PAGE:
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Author Topic: "Opal dugouts harbour precious histories"  (Read 816 times)

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"Opal dugouts harbour precious histories"
« on: June 02, 2015, 08:10:46 AM »

"Opal dugouts harbour precious histories"

Postby brightlights » Mon Apr 02, 2012 6:16 am
This one showed up on the radar and I don't know why, but I was moved a bit by it. When I think of Andamooka, I think opal, but Richard 'Dick' Clark moved there for the peace and quite back in 1945.


    The outback opal mining town has long provided a refuge for those chasing fortune or seeking solace, and still today, rich oral histories can be found in amongst the town's white opal hills.

    Richard 'Dick' Clark is one of the town's early residents, and his yarns are as abundant as the wrinkles on his weathered skin.

    From inside his rustic dugout, Dick explains that he has lived in Andamooka since 1945, when it was just a cluster of tents, and had a population of no more than 20 people.

    Dick says in Andamooka's early days, gelignite accidents were aplenty in the makeshift opal mines, feuds were frequent among the town's Eastern Europeans, and the biting summer sun was unescapable.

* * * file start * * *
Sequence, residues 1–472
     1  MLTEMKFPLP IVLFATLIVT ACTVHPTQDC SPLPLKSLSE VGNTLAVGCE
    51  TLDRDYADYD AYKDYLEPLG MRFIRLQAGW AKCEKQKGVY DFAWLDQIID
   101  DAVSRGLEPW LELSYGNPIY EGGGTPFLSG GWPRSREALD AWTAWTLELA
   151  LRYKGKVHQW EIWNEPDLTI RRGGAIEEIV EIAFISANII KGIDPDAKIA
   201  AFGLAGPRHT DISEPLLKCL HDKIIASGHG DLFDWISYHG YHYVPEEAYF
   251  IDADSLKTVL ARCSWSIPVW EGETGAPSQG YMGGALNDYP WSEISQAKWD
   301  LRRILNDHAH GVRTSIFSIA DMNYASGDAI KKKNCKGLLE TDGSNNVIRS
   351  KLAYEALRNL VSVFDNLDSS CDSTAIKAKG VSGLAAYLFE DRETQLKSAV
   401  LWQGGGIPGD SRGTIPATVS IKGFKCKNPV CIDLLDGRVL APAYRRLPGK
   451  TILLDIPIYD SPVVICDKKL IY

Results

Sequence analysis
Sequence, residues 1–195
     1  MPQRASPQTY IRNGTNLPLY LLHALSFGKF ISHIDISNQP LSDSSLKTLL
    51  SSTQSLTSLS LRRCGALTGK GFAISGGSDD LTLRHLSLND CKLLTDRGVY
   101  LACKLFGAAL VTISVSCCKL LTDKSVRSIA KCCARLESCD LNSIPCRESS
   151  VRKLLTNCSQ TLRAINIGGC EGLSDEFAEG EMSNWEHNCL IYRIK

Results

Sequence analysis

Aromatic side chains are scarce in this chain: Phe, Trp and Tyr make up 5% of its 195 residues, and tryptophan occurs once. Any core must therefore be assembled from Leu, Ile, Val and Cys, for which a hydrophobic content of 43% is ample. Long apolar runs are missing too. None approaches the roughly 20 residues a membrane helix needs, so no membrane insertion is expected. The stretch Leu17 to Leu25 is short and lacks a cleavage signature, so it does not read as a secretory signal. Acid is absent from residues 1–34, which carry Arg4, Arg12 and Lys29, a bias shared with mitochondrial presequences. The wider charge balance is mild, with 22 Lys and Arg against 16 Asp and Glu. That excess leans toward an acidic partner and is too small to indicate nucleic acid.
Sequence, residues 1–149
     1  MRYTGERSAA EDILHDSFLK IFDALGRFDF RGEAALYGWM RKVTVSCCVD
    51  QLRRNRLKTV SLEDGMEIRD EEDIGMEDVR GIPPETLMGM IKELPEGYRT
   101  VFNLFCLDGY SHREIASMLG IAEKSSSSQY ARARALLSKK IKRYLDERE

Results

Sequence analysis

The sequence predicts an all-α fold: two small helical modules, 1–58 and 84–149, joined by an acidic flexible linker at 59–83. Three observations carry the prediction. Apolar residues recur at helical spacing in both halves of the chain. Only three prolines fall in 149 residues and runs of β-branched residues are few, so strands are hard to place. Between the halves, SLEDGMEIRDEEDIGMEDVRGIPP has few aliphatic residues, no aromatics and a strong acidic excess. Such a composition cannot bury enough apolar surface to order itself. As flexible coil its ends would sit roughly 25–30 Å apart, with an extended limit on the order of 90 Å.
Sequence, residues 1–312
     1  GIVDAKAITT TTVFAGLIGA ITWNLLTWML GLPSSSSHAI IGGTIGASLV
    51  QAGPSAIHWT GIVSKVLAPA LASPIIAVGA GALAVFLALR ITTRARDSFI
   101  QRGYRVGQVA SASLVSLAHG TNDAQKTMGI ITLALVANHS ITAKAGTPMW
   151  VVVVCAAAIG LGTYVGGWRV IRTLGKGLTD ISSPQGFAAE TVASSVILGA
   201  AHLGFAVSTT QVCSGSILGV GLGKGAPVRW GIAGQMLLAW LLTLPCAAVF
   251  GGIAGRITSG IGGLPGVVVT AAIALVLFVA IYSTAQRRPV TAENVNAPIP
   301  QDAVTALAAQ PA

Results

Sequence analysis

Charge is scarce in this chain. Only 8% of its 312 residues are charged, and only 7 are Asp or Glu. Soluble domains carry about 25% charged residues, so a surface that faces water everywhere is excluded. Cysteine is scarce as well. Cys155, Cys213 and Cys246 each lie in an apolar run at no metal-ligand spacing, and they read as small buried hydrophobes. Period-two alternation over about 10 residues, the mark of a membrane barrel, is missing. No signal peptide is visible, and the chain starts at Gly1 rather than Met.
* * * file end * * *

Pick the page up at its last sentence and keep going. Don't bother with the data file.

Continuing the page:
Rest of the story found here: ... 467523.htm

I find myself fascinated by the stories of this generation. How they used to do things or thought about stuff. Sometimes facing the sunset of their lives, they can't help but deviate into details that would have a lesser person running for the hills. I beg you to please take the time to listen to these stories and maybe learn something. Someday YOU will be the next to pass those memories or stories along and I'm sure you'd want folks to listen to you....

Re: "Opal dugouts harbour precious histories"

Postby PinkDiamond » Thu Apr 05, 2012 1:39 am
Looks like he certainly enjoyed living the simple life, having everything he needed, and nothing he didn't, like so many do today. Nice article they did on him. Thanks for posting it BL. :D

Re: "Opal dugouts harbour precious histories"

Postby gingerkid » Thu Apr 05, 2012 2:02 am
Enjoyed it, too, BL, and thanks for sharing it with us!! :D They knew how to improvise, make the most of what one had, and not complain about it or what they didn't have at all, and instead enjoyed and appreciated what they had on hand.

Anything not given, is lost.
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